TOP GUN 2007

Mar 25, 2012 No Comments by


The greatest scale show on earth



This year’s Mr. Top Gun title went to David Ribbe flying his turbine-powered MiG-15. He designed the prototype after which the BVM kit was modeled. He took first in the Masters class and also earned the High Static Masters award with this impressive Soviet fighter.

As a scale modeler, I travel to many scale competitions to watch and to fly. By far the most exciting and entertaining is Frank Tiano’s Top Gun Scale Invitational at the Lakeland Linder Municipal Airport, in Lakeland, FL. I think it’s a safe bet that most serious scale modelers dream of one day competing at this world-class event. I know I have fantasized about it! Lakeland Linder Airport is also the site of the full-scale aviation ìSun-N-Funî airshow, so it’s a fitting venue for the world’s best scale aircraft and pilots.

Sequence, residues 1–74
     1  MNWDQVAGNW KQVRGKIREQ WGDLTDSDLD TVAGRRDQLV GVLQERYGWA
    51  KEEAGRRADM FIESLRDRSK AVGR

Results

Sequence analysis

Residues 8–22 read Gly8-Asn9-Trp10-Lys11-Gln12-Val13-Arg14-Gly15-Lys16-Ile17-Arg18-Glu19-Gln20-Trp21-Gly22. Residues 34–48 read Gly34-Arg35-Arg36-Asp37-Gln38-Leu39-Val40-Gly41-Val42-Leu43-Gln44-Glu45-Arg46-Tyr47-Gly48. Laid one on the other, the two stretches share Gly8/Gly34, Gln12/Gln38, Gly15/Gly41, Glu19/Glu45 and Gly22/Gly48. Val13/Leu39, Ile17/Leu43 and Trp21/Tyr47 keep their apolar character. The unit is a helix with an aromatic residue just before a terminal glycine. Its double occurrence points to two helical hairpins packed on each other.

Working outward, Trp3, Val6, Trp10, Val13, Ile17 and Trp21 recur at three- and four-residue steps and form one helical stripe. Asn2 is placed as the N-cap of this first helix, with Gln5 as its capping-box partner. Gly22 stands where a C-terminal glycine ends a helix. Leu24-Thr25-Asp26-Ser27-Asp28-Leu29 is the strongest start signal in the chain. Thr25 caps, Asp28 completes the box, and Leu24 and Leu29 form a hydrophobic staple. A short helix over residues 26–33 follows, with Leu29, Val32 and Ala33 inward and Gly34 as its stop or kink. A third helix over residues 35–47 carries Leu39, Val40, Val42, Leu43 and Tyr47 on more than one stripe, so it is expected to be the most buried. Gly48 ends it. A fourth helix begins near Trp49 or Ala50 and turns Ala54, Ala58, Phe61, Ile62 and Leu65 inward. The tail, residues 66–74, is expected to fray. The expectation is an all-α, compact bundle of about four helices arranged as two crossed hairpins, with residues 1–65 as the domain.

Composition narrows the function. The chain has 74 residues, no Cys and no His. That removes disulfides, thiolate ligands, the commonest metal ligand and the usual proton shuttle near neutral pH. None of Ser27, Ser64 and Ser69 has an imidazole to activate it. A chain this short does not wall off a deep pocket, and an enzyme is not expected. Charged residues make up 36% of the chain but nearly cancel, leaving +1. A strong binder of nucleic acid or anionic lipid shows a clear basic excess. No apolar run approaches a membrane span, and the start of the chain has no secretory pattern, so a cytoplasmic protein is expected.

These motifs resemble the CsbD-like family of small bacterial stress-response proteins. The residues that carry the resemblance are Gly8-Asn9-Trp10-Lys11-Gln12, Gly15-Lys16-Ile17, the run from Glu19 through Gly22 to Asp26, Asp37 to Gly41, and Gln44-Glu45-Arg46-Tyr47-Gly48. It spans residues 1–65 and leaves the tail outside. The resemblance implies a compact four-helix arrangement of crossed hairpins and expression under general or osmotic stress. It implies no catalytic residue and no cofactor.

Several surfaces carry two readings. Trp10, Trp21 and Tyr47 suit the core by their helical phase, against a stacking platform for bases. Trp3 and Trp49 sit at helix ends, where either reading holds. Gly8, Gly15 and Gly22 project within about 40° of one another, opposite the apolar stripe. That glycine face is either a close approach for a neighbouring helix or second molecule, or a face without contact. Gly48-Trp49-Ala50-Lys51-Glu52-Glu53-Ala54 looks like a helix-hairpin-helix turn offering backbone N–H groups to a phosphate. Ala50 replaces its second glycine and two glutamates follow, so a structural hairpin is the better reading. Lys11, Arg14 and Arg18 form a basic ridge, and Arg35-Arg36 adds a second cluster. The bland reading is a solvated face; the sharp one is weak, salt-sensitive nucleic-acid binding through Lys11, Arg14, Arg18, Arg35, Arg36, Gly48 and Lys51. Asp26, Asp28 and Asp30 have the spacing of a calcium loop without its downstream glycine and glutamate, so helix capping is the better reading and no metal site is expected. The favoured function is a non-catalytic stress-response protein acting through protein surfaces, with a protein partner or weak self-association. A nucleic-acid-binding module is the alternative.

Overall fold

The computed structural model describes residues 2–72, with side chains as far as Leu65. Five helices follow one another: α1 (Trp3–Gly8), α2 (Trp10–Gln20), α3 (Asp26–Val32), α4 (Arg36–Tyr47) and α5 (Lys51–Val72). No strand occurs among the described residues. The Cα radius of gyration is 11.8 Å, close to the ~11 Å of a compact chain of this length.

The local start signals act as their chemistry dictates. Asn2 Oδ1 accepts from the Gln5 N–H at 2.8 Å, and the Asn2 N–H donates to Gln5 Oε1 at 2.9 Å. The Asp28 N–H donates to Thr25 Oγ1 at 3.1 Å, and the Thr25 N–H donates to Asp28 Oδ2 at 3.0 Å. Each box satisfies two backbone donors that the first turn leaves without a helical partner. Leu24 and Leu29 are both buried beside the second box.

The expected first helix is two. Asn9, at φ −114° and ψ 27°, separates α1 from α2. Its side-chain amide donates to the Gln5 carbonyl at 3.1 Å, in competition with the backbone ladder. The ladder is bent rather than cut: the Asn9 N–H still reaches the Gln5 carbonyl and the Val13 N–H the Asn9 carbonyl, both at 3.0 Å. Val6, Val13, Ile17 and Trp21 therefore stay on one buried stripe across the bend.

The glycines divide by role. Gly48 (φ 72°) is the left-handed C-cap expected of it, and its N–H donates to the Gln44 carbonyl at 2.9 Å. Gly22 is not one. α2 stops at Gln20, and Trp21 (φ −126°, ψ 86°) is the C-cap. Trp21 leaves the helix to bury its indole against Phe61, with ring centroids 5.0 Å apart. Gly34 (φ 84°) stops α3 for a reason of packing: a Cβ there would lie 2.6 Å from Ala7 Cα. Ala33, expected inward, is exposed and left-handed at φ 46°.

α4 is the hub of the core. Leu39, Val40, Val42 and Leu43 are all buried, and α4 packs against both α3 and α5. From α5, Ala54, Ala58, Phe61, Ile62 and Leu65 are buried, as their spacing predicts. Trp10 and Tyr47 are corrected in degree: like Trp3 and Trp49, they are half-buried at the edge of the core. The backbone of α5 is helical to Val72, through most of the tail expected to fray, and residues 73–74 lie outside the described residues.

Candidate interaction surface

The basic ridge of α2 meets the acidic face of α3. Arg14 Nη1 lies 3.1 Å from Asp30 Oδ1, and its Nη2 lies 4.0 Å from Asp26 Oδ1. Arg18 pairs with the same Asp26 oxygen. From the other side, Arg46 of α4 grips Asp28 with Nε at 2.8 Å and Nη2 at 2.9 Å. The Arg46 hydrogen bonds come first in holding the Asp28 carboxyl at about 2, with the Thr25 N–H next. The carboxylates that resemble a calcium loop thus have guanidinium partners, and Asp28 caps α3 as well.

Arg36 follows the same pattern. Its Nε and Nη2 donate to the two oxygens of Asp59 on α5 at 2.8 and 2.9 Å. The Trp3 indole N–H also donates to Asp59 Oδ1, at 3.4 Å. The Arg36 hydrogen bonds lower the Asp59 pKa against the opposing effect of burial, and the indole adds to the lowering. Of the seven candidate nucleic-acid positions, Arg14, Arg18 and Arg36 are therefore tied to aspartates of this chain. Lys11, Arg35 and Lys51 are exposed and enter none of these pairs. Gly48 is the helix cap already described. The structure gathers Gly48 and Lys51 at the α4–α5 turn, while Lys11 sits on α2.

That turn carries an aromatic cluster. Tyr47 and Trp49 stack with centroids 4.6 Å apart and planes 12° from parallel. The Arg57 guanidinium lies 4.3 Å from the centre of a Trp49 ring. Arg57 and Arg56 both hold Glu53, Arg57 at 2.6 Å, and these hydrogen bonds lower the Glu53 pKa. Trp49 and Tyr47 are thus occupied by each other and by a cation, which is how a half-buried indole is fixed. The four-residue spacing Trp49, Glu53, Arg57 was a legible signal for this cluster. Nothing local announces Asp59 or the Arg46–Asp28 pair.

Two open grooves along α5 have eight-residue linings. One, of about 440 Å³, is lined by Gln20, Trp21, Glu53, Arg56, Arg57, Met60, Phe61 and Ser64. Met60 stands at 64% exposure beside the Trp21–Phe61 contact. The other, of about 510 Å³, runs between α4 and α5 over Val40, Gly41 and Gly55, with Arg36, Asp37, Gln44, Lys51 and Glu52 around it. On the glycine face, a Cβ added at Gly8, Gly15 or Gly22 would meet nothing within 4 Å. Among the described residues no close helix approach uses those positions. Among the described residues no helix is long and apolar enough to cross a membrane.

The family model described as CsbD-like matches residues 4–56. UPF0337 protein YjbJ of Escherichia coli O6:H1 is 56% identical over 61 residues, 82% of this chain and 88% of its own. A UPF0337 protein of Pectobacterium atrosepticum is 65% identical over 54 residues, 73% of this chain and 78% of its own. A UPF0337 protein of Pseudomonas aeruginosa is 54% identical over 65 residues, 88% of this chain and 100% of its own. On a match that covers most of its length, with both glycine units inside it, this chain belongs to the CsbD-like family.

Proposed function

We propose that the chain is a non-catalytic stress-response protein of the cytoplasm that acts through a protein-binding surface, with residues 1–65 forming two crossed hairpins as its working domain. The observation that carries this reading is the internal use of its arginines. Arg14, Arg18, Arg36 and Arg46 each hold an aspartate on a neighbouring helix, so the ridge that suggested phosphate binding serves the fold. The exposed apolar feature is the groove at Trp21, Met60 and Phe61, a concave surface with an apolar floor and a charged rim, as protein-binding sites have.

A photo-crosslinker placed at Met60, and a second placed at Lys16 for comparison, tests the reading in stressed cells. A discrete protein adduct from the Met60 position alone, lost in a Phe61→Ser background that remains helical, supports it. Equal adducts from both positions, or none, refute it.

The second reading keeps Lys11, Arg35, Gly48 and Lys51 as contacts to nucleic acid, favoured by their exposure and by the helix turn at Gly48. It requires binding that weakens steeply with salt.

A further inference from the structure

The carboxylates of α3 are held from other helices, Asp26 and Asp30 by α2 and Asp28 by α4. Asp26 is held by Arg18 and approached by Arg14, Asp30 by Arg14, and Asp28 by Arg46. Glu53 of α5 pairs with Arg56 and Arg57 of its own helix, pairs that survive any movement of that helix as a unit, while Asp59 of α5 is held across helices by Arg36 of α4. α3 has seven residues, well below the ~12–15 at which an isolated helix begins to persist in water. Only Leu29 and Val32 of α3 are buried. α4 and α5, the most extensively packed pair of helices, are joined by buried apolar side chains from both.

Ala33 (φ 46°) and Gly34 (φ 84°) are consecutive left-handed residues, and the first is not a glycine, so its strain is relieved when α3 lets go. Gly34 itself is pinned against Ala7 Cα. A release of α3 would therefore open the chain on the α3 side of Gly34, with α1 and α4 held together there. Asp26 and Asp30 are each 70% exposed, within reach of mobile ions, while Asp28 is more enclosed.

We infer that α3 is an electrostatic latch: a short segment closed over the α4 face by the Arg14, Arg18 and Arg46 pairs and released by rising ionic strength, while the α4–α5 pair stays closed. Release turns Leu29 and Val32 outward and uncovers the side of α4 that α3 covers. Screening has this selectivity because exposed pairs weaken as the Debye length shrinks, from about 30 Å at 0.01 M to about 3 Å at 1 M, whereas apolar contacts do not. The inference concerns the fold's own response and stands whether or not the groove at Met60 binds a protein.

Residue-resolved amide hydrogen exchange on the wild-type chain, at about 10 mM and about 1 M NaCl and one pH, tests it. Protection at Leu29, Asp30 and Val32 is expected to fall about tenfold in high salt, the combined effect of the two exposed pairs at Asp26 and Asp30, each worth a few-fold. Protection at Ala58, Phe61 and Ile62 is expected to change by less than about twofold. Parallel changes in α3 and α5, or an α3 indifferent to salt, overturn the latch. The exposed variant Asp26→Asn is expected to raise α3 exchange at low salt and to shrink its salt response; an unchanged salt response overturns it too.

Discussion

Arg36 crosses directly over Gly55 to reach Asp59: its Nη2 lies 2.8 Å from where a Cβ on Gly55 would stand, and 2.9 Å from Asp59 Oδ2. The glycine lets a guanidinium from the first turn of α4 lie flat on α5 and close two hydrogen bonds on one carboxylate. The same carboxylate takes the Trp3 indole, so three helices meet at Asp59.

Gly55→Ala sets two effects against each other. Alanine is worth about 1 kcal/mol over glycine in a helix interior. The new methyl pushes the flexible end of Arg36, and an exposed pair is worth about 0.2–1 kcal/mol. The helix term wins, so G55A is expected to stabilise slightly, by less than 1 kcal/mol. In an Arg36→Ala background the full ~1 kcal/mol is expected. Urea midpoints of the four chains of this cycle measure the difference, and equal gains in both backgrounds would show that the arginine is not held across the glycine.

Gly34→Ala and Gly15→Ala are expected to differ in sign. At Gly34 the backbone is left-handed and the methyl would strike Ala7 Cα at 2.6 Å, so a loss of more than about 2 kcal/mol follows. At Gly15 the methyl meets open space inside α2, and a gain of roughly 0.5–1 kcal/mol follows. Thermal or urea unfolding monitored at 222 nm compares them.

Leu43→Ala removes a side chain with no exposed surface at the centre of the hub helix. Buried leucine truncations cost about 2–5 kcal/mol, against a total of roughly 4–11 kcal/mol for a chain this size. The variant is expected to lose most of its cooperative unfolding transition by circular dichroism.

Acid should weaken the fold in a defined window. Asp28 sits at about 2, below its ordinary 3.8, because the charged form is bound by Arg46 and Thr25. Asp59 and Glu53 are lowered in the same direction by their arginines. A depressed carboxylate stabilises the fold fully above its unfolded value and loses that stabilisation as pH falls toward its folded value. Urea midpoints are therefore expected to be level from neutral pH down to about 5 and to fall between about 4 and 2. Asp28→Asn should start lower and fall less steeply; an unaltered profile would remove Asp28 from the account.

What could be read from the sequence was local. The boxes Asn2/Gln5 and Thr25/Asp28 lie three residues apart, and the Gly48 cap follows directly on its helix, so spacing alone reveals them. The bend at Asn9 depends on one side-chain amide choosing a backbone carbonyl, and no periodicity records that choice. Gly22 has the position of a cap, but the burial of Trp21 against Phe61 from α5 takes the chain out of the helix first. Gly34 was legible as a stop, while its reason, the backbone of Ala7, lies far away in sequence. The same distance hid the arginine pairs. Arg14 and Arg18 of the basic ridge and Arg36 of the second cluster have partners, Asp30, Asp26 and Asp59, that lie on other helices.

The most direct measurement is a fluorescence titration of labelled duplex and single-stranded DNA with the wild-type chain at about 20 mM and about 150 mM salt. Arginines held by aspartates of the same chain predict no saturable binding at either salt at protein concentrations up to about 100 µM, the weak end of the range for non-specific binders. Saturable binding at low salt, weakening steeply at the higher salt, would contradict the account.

For 2007, Top Gun pilots enjoyed very rare weather conditions without the infamous crosswinds that usually keep them on their collective toes. With the warm Florida breeze flowing almost straight down the runway, this year’s flight scores were especially impressive. Whereas in years past, the heavily loaded, turbine-powered jet dominated the competition, the 2007 event showed that regardless of the airplane type, it’s ultimately pilot skill that determines the final outcome.

Most noticeable was the increased number of entrants, and a quick look at the pilot stat forms showed approximately 117registered (not including last-minute scratches). The most popular classóProAm (Pro)óhad 31 pilots registered. In this class, there’s a large collection of aircraft that, by and large, are no longer able to compete in the upper classes of Expert, Masters and Team because of Top Gun’s three-year rule. There were some new and first-time entrants and since there is no ìbuilder of the modelî rule, several pilots competed with borrowed airplanes. The positive side of all this is that there’s an impressive number of flights during the event, and the paying audience gets a lot of entertainment for its money. It is good to see several airplane favorites still flying, albeit with different pilots; after all, Top Gun airplanes are meant to fly and not to sit around in retirement! By comparison, 29 pilots were registered in Pro-Am (Sport), 26 in Expert, 11 in Masters and 20 pilot/builder partnerships in Team Scale.